Within seconds Alfie and I were the best of friends, so Karen took a photo and a minute later I was starring on the motel’s Facebook page (see below). 

Alfie is a great dog, and so tiny that I could easily slip him in my pocket and kidnap him.  And believe me, I was so tempted …

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Of course it’s great to make friends with the locals and, as you can see from the preceding paragraphs, I’ve been free and easy with my friendship since arriving here.  But what about the other way round; what if the locals take a shine to us?  

And here we have a problem.  After leaving Cape Foulwind we’ll be heading south along the west coast, the land where the sandflies rule.  We read up about the Sandfly Menace back in the UK and since arriving on these shores countless Kiwis have warned us that these tiny insects are likely to make our lives hell, biting and sucking our blood until we’re begging for mercy.  

So, while I’m always pleased to make friends with the locals, I sincerely hope this particular gang won’t want to make friends with us.

A visit to New Zealand’s most active volcano

White Island (Whakaari) lies 49km off the small North Island town Whakatane. It is New Zealand’s most active volcano, and is regarded as one of the world’s most accessible live volcanoes. Inevitably, therefore, we are keen to pay it a visit.

The trouble is, we’ve not had much luck with boat trips since arriving in New Zealand, and we’re worried that this might be the third in a row to be cancelled due to the weather. But for once the gods smile upon us. Although the sea’s choppy, the wind has dropped a bit and the captain decides it’s safe to leave the protection of the harbour.

As soon as we’re in open water the boat begins to bounce and roll on the waves. Mrs P and I have taken the precaution of having only a modest, light breakfast and so are untroubled by the motion of the ocean. Many of our fellow travellers have been less circumspect, and their breakfasts come back up to haunt them.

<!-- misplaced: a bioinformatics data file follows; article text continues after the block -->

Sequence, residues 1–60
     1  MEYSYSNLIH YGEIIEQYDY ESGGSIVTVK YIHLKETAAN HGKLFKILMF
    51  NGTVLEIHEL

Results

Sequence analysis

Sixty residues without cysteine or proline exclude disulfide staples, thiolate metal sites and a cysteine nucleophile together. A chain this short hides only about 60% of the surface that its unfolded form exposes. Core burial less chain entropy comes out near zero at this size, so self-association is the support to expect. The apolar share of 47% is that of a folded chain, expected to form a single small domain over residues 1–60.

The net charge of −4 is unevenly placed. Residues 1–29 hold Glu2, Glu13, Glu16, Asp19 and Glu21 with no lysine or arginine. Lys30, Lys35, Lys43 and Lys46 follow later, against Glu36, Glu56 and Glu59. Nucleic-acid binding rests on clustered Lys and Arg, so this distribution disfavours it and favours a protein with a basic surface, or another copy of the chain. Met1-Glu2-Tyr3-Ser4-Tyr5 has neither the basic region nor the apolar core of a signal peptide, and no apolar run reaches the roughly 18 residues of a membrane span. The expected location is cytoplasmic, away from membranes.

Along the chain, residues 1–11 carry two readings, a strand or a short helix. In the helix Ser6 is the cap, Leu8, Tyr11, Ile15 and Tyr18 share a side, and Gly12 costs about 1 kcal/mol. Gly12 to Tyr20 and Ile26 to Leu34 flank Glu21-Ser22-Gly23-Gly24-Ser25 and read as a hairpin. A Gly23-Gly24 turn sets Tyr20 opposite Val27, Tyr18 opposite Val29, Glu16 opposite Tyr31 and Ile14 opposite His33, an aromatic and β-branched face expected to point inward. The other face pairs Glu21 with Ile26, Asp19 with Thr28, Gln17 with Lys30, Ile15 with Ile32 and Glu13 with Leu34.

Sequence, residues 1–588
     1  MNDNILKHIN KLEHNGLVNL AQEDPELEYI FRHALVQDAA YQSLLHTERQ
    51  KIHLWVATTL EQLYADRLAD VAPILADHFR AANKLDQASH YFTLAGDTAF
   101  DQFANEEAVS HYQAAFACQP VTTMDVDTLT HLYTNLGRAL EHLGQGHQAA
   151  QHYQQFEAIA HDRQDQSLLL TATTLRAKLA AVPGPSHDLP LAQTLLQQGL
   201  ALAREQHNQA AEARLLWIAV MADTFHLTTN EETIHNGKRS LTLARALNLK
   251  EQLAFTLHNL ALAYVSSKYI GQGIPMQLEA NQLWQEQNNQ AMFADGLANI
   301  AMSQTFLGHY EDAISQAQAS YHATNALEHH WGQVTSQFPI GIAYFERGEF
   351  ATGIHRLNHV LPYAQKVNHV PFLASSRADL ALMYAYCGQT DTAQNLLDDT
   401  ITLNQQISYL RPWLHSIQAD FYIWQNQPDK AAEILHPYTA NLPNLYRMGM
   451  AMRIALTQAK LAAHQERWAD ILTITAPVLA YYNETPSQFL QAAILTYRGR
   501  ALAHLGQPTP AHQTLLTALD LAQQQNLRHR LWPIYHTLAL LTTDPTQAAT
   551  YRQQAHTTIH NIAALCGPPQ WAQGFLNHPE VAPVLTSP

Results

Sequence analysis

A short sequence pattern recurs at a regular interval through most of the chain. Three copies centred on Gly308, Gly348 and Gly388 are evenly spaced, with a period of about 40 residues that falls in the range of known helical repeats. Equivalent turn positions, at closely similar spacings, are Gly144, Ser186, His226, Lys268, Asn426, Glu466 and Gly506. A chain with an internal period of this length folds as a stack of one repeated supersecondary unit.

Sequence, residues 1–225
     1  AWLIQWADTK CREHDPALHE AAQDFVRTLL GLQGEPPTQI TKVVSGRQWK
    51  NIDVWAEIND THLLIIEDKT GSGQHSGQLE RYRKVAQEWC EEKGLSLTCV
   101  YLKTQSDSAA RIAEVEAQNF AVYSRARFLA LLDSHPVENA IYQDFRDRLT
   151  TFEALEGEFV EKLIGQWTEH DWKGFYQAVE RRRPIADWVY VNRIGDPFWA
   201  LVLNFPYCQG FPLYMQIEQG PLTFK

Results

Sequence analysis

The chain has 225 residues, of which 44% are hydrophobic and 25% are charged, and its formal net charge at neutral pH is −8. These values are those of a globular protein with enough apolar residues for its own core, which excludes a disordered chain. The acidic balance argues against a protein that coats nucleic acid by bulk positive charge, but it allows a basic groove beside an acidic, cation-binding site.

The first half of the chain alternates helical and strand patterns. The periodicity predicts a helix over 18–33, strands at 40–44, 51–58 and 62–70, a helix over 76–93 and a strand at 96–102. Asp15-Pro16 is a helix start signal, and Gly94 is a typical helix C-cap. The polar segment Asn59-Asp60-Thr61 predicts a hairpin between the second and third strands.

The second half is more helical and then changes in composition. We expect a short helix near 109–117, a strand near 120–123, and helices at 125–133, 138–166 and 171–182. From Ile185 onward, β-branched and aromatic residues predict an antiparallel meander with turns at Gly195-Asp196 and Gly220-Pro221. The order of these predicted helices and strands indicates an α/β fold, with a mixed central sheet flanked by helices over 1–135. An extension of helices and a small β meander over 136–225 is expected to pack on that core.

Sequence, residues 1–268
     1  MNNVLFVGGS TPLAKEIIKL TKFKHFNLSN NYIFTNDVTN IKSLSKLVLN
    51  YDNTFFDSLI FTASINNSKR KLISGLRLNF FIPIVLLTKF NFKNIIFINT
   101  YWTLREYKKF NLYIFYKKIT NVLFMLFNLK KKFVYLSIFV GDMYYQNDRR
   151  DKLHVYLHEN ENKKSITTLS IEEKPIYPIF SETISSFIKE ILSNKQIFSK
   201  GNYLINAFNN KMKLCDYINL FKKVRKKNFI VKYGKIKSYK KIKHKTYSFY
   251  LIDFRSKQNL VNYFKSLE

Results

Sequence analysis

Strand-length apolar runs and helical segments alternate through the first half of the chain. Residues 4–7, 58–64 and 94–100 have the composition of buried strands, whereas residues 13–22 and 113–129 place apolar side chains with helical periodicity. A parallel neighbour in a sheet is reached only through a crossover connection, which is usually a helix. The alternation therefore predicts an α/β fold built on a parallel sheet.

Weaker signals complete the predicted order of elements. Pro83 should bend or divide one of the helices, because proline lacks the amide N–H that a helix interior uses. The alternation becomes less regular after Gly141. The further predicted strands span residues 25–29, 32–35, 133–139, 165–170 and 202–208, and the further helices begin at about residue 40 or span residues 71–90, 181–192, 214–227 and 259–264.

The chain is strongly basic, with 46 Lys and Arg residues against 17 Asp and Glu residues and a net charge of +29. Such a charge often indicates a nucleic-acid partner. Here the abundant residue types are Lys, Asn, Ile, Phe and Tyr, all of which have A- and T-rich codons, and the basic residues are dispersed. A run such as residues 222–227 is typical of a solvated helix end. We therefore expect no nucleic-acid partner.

Pretty soon we’re passing the steep, heavily wooded volcanic island of Whale Island (Moutohora), which, being free of rats and other introduced mammalian predators, is now a haven for native birds. It’s an impressive sight, clad in thick vegetation and rising steeply from sea, but there’s no time to stop and admire it. The boat speeds on, its spray creating a rainbow that appears to sit over the top of Whale Island, while we concentrate on staring out to sea and ignore the moans and groans of our bilious buddies in the passenger lounge.

At last, after around 90 minutes, we make our final approach to White Island, from the centre of which rises a mighty cloud of steam.  It’s impossible for our little boat to land there, so we all clamber into inflatable landing craft to be transferred ashore. But not before we’re issued with our safety gear.

First there’s the life jacket, in case we fall overboard during the transfer.  Then there’s the canary yellow hard hat, in case the volcano has a hissy fit and starts showering us with rocks.  And finally we are handed a gas mask, in case the bugger tries to poison us instead. Bloody hell, this is supposed to be a holiday, not a training exercise for the Marines or the SAS.  Thank god we updated our wills before we left the UK.

As it happens the transfer on to dry land goes well, and nobody dies.  Once there we clamber over boulders and gather into groups to be ushered around the island by our guides.  There are stern warnings not to stray off the path: the crust in places is wafer thin, and beneath it lies pits of baking rocks that will fry you alive in seconds.  Nobody needs to be told twice.